Videodrome operates with a menacing tone that threatens to seep into ones own consciousness; it proves that it can. The reds used in the color palette, the soundscape mismatched to strange cuts of surreal material filmed at a crispness that focuses on the actors’ flesh with the weight of skin’s actual pulp; it echoes as a reality.
This is a film about frightening facts and paranoia, the Cold War of the mind, the need to feel in control, and the concern that as society gives us better control of our world, it has unlocked new demons. This is the sentiment in flux since the atomic bomb. Videodrome was made during the Reagan administration and before the end of the Cold War. It was released during a young generation of millions of people who had abandoned much hope of the idea of there being a guaranteed future and instead turned to sensation– electric sex, S&M, punk music and drugs.
Through the lens of science fiction all of this history is dealt with and the cries from this sense of doom are heard loud and clear. Our hero is barely a hero at all. In fact if this film were to be about good and evil and not just the possibilities of control, then the daughter of Professor O’ Blivion would be the real hero as the instigator of The New Flesh. It is a seemingly anti-viral scramble of Videodrome into an assassin of Videodrome agents. Does it enter through the optics with signals sent to the genes? Does it mutate or propagate an idea? Does it rest in the cells to benefit future generations via epigenetics? It remains unclear as to the purity of the idea of The New Flesh. Whether it is a preservation of nature, or a prosperous form of the Videodrome used to forward society (a singularity of sorts), or whether it was just as corruptible as Videodrome– a coup of one nasty dictatorship for another under a guise of new viral government.
The success of this film rests in its tone. Its tone is the reason it has survived as a part of the Criterion Collection. It is the reason popular writer, Jonathan Lethem, includes it as #5 on his list of top ten favorite films. It is the reason it is mentioned in parody during the first James Woods episode in season 4 of Family Guy. To understand this tone, refer back to the importance of sex to the experience. Why has Cronenberg spent twenty or so minutes of film before ever mentioning the danger and philosophy of Videodrome? I believe it was the extra special craft to construct the full experience of the film to be one the audience was partially creating. The first 20 minutes bring the viewer into the world. They suspend their disbelief and Max and Nicki begin to play. The up and down confusion of arousal and pain is not their own, but the danger in their arousal is shared with the viewer who is then informed that through sexual violence a tone has administered a terrible beast into Max’s brain. Sounds normally associated with pleasure and images of beautiful lips become jarring, sexy but with an anticipation of horror behind the pleasure.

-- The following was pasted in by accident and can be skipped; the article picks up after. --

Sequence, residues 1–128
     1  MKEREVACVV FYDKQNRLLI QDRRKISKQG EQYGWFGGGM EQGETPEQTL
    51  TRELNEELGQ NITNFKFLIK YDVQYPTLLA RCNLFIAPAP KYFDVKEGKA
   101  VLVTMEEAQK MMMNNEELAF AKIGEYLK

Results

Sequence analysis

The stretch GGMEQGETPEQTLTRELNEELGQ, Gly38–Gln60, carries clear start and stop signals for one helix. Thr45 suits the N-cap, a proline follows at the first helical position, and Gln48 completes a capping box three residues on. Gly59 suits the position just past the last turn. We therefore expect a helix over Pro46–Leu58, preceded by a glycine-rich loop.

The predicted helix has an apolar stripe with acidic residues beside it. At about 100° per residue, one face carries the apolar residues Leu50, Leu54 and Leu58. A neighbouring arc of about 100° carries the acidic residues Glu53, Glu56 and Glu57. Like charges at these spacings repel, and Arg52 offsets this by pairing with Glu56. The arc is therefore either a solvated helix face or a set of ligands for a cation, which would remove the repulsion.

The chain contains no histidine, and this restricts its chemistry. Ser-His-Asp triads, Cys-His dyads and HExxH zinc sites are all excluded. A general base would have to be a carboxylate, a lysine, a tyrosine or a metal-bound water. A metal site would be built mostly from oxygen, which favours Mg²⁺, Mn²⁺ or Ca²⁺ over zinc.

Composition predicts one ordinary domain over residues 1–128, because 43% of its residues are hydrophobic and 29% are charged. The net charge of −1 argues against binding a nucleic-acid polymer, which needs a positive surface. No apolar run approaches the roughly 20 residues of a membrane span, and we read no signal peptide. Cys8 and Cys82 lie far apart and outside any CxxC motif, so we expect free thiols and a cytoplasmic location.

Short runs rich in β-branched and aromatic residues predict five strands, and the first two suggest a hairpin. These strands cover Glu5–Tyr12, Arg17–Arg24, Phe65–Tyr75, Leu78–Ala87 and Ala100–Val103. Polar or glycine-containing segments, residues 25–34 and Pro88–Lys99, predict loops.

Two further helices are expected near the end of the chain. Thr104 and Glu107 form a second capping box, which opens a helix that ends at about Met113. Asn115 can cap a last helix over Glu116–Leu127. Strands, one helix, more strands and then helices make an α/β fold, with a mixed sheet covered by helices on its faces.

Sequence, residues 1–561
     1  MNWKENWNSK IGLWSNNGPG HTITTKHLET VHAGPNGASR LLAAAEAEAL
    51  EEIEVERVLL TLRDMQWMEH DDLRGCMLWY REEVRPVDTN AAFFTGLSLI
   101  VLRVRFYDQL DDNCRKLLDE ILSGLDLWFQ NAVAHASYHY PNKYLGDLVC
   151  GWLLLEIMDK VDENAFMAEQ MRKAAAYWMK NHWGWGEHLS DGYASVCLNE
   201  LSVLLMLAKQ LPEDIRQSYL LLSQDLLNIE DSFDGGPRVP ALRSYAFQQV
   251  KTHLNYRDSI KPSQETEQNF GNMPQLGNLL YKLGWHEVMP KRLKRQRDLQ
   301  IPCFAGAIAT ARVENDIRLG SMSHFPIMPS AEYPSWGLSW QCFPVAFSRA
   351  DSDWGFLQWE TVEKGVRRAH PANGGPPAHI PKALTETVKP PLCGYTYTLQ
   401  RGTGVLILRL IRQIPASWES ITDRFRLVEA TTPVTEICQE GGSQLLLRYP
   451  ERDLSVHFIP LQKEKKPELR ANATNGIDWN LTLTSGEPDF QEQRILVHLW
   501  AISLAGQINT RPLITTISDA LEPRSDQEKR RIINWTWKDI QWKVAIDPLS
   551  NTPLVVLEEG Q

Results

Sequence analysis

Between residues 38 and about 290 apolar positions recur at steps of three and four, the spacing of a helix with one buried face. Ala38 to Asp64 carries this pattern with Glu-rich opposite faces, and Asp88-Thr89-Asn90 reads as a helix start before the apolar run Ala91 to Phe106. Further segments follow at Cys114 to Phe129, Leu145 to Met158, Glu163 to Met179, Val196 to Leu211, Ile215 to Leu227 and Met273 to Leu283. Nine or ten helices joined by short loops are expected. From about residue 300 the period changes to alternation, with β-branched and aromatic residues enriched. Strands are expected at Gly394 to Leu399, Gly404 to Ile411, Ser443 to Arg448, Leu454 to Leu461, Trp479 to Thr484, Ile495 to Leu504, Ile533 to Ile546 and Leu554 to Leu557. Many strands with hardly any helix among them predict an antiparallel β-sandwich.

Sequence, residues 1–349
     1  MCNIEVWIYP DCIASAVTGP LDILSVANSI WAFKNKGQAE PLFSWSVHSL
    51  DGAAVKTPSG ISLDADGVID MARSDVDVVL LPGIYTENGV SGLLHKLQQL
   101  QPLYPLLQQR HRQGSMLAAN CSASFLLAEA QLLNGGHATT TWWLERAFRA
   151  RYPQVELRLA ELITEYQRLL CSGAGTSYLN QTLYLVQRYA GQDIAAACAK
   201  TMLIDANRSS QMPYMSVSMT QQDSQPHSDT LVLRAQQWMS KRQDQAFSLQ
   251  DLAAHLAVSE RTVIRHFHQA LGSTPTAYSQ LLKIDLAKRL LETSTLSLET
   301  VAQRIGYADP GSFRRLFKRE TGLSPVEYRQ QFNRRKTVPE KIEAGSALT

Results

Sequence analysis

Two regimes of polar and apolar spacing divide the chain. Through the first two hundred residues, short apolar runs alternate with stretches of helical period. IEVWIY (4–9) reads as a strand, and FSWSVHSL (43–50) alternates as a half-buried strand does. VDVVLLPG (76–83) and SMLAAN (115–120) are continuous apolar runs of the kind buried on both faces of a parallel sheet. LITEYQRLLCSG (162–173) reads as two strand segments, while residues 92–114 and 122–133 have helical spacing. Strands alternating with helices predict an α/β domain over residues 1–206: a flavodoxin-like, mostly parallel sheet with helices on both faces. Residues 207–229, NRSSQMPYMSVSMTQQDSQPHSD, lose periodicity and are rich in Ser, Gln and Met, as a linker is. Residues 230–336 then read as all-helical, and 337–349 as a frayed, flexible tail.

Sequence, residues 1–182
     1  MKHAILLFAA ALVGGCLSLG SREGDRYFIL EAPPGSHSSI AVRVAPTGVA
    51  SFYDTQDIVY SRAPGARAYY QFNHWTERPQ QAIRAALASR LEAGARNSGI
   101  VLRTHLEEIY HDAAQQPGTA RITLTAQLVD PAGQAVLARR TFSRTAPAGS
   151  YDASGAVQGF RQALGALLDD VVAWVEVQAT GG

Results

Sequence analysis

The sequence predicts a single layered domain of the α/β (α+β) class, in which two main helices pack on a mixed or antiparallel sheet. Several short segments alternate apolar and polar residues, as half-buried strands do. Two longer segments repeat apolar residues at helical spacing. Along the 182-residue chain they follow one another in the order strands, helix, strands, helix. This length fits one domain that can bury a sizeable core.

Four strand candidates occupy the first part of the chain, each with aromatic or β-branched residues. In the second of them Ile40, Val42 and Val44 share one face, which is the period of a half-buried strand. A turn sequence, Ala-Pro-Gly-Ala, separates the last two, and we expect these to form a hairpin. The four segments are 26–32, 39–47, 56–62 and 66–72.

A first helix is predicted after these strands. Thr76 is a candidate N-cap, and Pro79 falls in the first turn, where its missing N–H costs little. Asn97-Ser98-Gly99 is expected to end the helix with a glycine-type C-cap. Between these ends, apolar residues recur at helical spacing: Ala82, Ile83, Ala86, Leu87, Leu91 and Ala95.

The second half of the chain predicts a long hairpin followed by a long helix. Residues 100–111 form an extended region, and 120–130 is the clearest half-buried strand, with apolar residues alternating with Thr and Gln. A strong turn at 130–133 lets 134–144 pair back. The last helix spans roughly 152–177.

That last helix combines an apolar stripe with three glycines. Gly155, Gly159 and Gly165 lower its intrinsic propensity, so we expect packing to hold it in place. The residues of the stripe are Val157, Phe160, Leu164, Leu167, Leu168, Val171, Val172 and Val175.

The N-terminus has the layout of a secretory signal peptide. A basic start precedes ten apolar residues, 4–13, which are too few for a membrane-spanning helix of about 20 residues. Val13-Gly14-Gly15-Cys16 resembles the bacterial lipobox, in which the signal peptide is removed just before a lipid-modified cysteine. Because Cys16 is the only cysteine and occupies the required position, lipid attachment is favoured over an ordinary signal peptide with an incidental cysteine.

If you haven’t seen the film and would like to, or if you’re overdue for another viewing, you can find it streaming on Netflix and on YouTube. And don’t take my word on all of this tone business, here is the top rated YouTube comment on the film:
“Videodrome is one of the most original movies I have ever seen. It’s provocative, surreal and yet very realistic. Even as a kid, when I would be playing a video game and the screen was paused, there was some eerie, creepy feeling that something really scary would pop up after a while, or the weird feeling that something bizarre was wriggling around in the nooks and crannies of its programming. Videodrome perfectly exploits and represents this fear of the unknown regarding technology,” Kemonokami.
As for the remake, if nothing else it could elicit a revival of the original to theaters and I would happily oblige.
The first time I saw the film was in the fall of 2008. I’ll never forget arriving to the university library, rain beading and rolling off my coat as I returned the DVD and soaked in the scene of twelve hunched, coated figures, each to their own cubicle with their own TV in the film and reserved media room. It was the same scene as the TV junkie den where Bianca O’Blivion spoke of her service reconnecting the city’s derelicts to the world’s mixing board: Television.
By Ben Olsen 9/15/2011